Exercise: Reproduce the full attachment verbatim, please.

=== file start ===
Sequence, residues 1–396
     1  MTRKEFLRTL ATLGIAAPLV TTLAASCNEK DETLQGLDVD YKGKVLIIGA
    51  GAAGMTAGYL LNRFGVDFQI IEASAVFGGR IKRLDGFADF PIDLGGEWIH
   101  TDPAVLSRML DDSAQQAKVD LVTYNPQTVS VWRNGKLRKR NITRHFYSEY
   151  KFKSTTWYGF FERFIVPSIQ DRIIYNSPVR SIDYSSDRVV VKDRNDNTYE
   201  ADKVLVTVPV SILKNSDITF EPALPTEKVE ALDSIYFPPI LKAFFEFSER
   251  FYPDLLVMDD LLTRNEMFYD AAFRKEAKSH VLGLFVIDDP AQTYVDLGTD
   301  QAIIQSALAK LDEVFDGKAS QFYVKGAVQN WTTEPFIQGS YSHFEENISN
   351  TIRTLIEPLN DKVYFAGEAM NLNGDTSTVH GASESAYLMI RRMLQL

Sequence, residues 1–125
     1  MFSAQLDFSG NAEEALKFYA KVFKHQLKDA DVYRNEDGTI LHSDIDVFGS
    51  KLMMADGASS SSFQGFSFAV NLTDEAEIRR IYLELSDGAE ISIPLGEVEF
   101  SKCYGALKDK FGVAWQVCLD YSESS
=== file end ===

Sequence, residues 1–396
     1  MTRKEFLRTL ATLGIAAPLV TTLAASCNEK DETLQGLDVD YKGKVLIIGA
    51  GAAGMTAGYL LNRFGVDFQI IEASAVFGGR IKRLDGFADF PIDLGGEWIH
   101  TDPAVLSRML DDSAQQAKVD LVTYNPQTVS VWRNGKLRKR NITRHFYSEY
   151  KFKSTTWYGF FERFIVPSIQ DRIIYNSPVR SIDYSSDRVV VKDRNDNTYE
   201  ADKVLVTVPV SILKNSDITF EPALPTEKVE ALDSIYFPPI LKAFFEFSER
   251  FYPDLLVMDD LLTRNEMFYD AAFRKEAKSH VLGLFVIDDP AQTYVDLGTD
   301  QAIIQSALAK LDEVFDGKAS QFYVKGAVQN WTTEPFIQGS YSHFEENISN
   351  TIRTLIEPLN DKVYFAGEAM NLNGDTSTVH GASESAYLMI RRMLQL

Sequence, residues 1–125
     1  MFSAQLDFSG NAEEALKFYA KVFKHQLKDA DVYRNEDGTI LHSDIDVFGS
    51  KLMMADGASS SSFQGFSFAV NLTDEAEIRR IYLELSDGAE ISIPLGEVEF
   101  SKCYGALKDK FGVAWQVCLD YSESS